November 7, 2007

From the Desk of Phil Burress
President of Citizens for Community Values
Citizens’ E-Courier · November 7, 2007

The Community Defense Act:  In effect and enforceable!

Let there be no confusion!

Sub.S.B.16, the Community Defense Act (CDA), is the law in Ohio.

Most of you know the story:  CDA became the law in Ohio on June 4, 2007 and was scheduled to become effective 90 days later, September 4.

While remaining the law in Ohio, CDA did not become effective on September 4 as scheduled because the sex industry mounted an effort to force a referendum on the law by collecting valid signatures of 241,366 Ohio registered voters on an elector petition.

The story of their signature collection effort has been well publicized.  It is a story of criminal fraud and disgraceful deception.  It is a story prolonged – at taxpayer expense – by frivolous lawsuits.

But since October 17, the day Secretary of State Jennifer Brunner certified that the Vote No on Issue One committee had fallen some 60,000 signatures short of the 241,366 required for a referendum, CDA has been in effect and enforceable.

Are Ohio’s sexually oriented businesses abiding by the new law?
Reports are that in many Ohio communities, the answer to both questions is – No!

Should we be surprised, especially in light of their fraudulent referendum effort, that Ohio’s sex businesses are not abiding by the law?  Of course not.

Are law enforcement officials enforcing the law?

The maxim holds true:  A law is only as good as the level of enforcement behind it.

For the Community Defense Act to have the positive, protective impact that it was designed to have – the positive effect that spurred the cooperation of 75 percent of our state elected representatives in working together to pass of the law – enforcement at the local level will be necessary!

Those of you who live in communities affected by sex businesses can help move the law into this crucial enforcement phase.  Here’s how:

First – Have a clear understanding of CDA’s statewide regulations.  These are the essentials that you need to know:

  • All sexually oriented businesses in Ohio, except those that have a liquor license, must close between the hours of midnight and 6:00AM.  That’s all pornographic bookstores, all massage parlors, all pornographic video stores, all peep booths, and all strip clubs except those that have a liquor license.
  • Those clubs that have a liquor license may stay open to the time designated in their license (usually 2:30AM at the latest) but must cease nude entertainment after midnight.
  • In all sexually oriented businesses – no exceptions – employees while nude or seminude cannot have physical contact with patrons.

Then – If sexually oriented businesses in your communities do not appear to be abiding by these regulations, contact the Police Department or Sheriff’s office.  Ask them to investigate the subject businesses and enforce the law.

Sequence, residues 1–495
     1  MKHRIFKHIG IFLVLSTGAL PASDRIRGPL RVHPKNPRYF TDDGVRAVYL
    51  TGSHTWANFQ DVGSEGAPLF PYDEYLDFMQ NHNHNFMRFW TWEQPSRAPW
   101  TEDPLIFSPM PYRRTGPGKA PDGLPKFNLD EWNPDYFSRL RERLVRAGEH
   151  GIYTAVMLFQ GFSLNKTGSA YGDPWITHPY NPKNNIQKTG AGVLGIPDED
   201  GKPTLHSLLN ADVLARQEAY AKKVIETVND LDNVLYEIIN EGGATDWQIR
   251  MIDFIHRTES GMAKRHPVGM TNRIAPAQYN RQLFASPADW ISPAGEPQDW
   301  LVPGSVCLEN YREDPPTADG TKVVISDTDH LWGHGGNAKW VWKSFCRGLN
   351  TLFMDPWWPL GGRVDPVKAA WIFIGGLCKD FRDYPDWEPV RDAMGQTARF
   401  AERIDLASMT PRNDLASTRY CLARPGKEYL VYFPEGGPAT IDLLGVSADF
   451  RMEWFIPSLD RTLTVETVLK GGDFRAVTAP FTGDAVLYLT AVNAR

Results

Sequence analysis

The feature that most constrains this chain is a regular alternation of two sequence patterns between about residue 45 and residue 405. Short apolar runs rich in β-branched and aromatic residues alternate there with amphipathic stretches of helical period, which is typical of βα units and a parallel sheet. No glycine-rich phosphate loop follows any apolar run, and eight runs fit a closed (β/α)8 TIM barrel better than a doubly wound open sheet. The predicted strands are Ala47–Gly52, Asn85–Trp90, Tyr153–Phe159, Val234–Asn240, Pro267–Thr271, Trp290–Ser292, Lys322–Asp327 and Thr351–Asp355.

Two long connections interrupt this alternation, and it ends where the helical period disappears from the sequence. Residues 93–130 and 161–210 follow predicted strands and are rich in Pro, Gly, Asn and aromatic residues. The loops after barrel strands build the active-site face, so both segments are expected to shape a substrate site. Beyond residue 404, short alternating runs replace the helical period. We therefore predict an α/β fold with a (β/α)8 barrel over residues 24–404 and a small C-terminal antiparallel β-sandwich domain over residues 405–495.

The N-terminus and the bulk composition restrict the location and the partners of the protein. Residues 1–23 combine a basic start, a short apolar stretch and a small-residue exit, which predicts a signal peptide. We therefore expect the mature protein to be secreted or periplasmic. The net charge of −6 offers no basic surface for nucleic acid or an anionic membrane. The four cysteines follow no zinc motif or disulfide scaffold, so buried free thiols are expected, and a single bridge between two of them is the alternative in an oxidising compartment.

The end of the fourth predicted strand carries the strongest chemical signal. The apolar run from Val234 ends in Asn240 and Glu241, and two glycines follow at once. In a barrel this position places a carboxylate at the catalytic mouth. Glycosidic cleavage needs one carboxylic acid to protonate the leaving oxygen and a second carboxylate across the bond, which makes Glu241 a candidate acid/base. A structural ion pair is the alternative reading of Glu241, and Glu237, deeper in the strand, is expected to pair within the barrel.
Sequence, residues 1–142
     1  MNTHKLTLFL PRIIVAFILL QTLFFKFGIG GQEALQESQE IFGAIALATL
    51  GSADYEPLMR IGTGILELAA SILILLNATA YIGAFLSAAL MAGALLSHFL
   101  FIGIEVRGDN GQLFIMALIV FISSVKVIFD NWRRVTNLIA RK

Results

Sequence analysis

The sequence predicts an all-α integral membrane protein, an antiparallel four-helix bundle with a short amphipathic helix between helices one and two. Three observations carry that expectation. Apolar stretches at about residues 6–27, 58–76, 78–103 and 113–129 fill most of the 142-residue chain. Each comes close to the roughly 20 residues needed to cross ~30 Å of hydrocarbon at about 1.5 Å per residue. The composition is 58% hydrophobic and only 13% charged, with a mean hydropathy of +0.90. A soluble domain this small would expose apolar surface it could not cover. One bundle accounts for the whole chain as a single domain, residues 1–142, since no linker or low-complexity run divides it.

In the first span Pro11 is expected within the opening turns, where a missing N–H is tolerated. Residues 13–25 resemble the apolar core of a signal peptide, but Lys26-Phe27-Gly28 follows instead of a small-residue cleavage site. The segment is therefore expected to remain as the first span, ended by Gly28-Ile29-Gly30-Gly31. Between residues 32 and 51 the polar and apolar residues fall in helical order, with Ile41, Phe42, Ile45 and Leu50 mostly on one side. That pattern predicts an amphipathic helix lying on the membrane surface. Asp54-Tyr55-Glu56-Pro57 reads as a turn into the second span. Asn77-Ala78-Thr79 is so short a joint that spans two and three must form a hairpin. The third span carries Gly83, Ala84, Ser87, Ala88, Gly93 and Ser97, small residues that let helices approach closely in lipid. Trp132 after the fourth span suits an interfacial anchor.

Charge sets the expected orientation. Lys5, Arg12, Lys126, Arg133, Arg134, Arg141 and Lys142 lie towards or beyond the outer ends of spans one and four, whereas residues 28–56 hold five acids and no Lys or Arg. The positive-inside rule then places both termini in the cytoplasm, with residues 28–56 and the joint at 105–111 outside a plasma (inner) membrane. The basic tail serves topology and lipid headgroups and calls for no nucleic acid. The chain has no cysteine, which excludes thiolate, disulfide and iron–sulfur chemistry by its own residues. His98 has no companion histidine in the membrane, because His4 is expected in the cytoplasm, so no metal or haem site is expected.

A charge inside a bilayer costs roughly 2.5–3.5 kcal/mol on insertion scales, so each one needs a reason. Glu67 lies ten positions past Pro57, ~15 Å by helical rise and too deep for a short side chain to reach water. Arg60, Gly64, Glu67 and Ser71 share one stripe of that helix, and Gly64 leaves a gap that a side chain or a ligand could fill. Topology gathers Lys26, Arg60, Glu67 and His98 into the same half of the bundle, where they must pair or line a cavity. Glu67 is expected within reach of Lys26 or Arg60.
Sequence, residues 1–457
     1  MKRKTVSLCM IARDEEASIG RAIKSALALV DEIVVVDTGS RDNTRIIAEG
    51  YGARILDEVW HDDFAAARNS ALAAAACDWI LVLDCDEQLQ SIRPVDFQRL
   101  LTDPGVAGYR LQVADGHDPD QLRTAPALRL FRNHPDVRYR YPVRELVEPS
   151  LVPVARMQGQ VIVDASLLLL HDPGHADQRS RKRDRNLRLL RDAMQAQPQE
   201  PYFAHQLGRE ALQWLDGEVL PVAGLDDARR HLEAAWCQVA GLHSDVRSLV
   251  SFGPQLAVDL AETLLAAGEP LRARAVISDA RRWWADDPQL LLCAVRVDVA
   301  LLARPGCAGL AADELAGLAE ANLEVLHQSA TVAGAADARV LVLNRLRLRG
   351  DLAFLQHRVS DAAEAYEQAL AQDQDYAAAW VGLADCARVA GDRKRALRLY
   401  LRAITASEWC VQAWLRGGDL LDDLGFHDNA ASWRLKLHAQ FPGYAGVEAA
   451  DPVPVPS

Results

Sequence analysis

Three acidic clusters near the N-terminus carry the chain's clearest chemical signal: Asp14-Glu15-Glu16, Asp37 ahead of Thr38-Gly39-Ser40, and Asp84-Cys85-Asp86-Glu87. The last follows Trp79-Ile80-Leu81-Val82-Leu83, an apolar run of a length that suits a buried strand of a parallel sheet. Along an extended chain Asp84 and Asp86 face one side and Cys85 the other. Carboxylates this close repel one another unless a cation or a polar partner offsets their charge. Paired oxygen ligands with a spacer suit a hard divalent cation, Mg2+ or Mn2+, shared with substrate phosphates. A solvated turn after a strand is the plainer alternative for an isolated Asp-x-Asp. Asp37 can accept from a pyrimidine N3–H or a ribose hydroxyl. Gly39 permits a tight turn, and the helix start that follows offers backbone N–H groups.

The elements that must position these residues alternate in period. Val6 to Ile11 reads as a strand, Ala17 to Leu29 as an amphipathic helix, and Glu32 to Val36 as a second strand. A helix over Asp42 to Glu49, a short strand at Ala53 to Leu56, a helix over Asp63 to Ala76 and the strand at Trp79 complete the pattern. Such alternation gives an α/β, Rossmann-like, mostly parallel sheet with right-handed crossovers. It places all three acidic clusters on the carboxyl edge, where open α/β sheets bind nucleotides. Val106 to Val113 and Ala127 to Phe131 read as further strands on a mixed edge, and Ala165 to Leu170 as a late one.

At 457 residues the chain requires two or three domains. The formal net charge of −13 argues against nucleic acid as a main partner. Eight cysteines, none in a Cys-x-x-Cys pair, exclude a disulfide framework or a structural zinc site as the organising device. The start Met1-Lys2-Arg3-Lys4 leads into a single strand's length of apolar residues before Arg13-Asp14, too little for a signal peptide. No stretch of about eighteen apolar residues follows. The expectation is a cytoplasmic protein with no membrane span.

Finally – If law enforcement does not respond to your request, contact your city or township officials.

Law enforcement officials and city/township officials must know that we consider enforcement of CDA a priority.

Please keep us informed as to your efforts to insist on enforcement of the Community Defense Act.

Beyond statewide regulations…

Most of the publicity surrounding the Community Defense Act has focused on those statewide regulations outlined above.  However, the new law does a lot more to help communities protect themselves from the harms brought by sexually oriented businesses.

In 1986 the U.S. Supreme Court recognized (in Renton v. Playtime, Inc.) that sexually oriented businesses bring “adverse secondary effects” to communities; specifically, increased crime, decreased property values, and urban blight.  Whereas the high court ruled that communities couldn’t prevent such businesses from locating within their boundaries, it also ruled that communities could enact ordinances to zone, license and regulate sexually oriented businesses to protect themselves from those documented adverse effects.

For years, many communities – especially smaller municipalities and townships – have avoided or delayed enacting regulations to protect themselves from sex businesses for two reasons.

First, sex business law is a specialized body of law requiring expertise in development – expertise that small communities do not have and cannot afford to hire.  Secondly, sex businesses historically have intimidated communities by threatening lawsuits against any regulations passed.  Again, communities cannot afford to risk these expensive lawsuits.

CDA to the rescue!

In addition to those statewide regulations, CDA gives townships and municipalities assistance from the Ohio Attorney General in developing sound laws to zone, license and regulate sex businesses, and also protection (indemnification) in the event the laws developed with their assistance are challenged in court.

With the expense and intimidation factors now removed, all communities should move forward with their own regulations to zone, license and regulate sex businesses to the full extent of the law.

If you agree with our efforts and would like to help with the many expenses that we have incurred during the CDA campaign, please click here.